Linthicum Shipley Improvement Association Inc

Linthicum-Shipley Improvement Association

The Linthicum-Shipley Improvement Association is a voluntary-membership, non-profit organization dedicated to preserving the quality of life in Linthicum, Md. The LSIA has been watching over Linthicum since 1975. The organization was formed with the merging of the Linthicum Civic Association, which dated back into the 1950s, and the Shipley Improvement Association, which was formed in the early 1970s.

Year End Tax Prep

Year End Tax Planning for 2015

As the end of the 2015 tax year approaches, everyone should set aside some time to evaluate your situation and consider potential opportunities.  Good yearend tax planning depends on a good understanding of both your current circumstances and how those circumstances might change next year.

Consider whether there’s an opportunity to defer income to 2016.  When you defer income into 2016, you postpone payment of tax on that income.  This is especially true if you know you will have less taxable income in 2016.

You should also look for potential ways to accelerate 2016 deductions into the 2015 tax year.  If you itemize deductions on Schedule A of Form 1040 you should consider accelerating deductible expenses such as medical expenses, qualifying interest and state and local taxes.  Where this really works, if you think you will owe state taxes for 2015, make an estimated payment prior to the end of the year so it can be claimed as a deduction on your 2015 federal return.  If you make charitable contributions, you should consider accelerating 2016 contributions into 2015.

Depending on your circumstances, you might also consider taking the opposite approach.   If you think you will have higher income in 2016, you might want to look for ways to accelerate income into 2015 and possibly defer deductions until 2016 when they could potentially be more valuable.

Deductible contributions to a traditional IRA and pretax contributions to an employer-sponsored retirement plan such as a 401(k) could reduce your 2015 taxable income.  You should note that there are a number of factors that determine whether you’re eligible deduct contributions to a traditional IRA.  Contributions to a Roth IRA (assuming you meet the income requirement) or a Roth 401(k) plan are made with after-tax dollars (so there is no immediate tax savings) but qualified distributions are completely free of federal income tax.

For 2015, you’re generally able to contribute up to $18,000 to a 401(k) plan ($24,000 if you’re age 50 or older) and up to $5,500 to a traditional or Roth IRA ($6,500 if you’re age 50 or older).  The window to make 2015 contributions to an employer plan generally closes at the end of the year, while you typically have until the due date of your federal income tax return to make 2015 IRA contributions.  Once you reach 70 ½ you generally must start taking required minimum distributions (RMDs) from traditional IRAs and employer-sponsored retirement plans (an exception may apply if you’re still working and participating in an employer-sponsored plan).  Take any distributions by the date required, the end of the year.  The penalty for failing to do so is substantial, 50% of the amount that should have been distributed.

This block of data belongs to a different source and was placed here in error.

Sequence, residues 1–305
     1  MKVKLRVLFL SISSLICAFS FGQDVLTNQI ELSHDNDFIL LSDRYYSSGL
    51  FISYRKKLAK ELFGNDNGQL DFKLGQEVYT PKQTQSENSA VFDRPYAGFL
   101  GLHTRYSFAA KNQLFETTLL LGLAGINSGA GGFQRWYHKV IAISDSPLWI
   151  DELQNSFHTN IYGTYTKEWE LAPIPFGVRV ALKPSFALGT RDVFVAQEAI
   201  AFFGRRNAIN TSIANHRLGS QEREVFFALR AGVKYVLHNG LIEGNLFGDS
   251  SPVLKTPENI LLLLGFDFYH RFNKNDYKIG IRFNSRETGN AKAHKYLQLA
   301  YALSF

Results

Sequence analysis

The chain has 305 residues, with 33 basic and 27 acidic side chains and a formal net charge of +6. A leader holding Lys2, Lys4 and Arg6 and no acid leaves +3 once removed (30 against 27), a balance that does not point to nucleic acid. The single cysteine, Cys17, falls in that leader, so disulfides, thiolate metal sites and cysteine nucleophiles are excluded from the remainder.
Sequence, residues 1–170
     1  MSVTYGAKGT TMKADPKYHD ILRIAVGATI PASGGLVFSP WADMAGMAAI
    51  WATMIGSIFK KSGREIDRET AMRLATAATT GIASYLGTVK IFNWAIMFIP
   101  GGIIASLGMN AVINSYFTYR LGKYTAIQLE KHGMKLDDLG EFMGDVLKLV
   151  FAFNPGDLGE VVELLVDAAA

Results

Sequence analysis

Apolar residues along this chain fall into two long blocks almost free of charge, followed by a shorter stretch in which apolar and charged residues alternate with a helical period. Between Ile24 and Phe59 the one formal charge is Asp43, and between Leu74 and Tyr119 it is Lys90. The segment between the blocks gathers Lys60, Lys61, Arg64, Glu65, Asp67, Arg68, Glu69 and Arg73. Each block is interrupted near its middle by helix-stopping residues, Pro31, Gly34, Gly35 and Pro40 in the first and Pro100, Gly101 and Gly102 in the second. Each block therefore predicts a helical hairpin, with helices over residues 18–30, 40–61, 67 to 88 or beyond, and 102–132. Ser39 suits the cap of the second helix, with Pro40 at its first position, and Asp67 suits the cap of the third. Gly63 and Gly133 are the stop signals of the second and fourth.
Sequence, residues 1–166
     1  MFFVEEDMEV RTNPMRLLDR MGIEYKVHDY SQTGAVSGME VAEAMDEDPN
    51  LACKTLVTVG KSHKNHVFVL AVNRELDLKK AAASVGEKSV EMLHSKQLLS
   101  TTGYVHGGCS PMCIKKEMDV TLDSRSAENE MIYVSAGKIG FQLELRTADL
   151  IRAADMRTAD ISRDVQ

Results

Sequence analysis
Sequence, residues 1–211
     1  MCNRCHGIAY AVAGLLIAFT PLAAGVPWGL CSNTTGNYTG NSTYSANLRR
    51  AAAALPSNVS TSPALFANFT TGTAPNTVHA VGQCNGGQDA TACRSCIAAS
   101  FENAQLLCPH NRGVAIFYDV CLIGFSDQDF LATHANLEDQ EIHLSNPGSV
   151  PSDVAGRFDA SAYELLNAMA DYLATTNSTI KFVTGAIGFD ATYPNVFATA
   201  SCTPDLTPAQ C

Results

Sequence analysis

The Supreme Court has legalized same-sex marriage nationwide, significantly simplifying the federal and state income tax filing requirements for same-sex married couples.

A host of popular tax provisions expired at the end of 2014.  These items are commonly referred to as “tax extenders.  While it is possibly that some or all of these will be retroactively extended, currently they are not available for the 2015 tax year.  Among these provisions;  deducting state and local sales taxes in lieu of state and local income taxes; the above-the-line deduction for qualified higher-education expenses; qualified charitable distributions ; (QCDs) from IRAs; and increased business expense and “bonus” depreciation rules.

The individual mandate’s fine for going without health insurance is higher in 2015.  The tax is the greater of two amounts; the basic fine of $325 per family member ($162.50 for family members under 18) with a ceiling of $975 or an income-based levy of 2% of the excess household income over the tax return filing threshold.

Tax rates remain the same as 2014 while the standard deduction and personal exemption amounts have slight increases.

The Social Security wage base increased in 2015 to $118,500.  A person who turns 66 in 2015 can earn $41,880 without losing any benefits.  Persons between the ages of 62 and 66 can earn $15,720 before they lose any benefits.  There continues to be no earning cap once a beneficiary turns 66.

Mileage rates for 2015 are $.575 per mile for business travel, $.23 per mile for Medical travel and $.14 per mile for charitable driving.

Congress has passed tax revision laws at year end during the past several years so keep in mind and watch for another revision to extend several deductions again this year.

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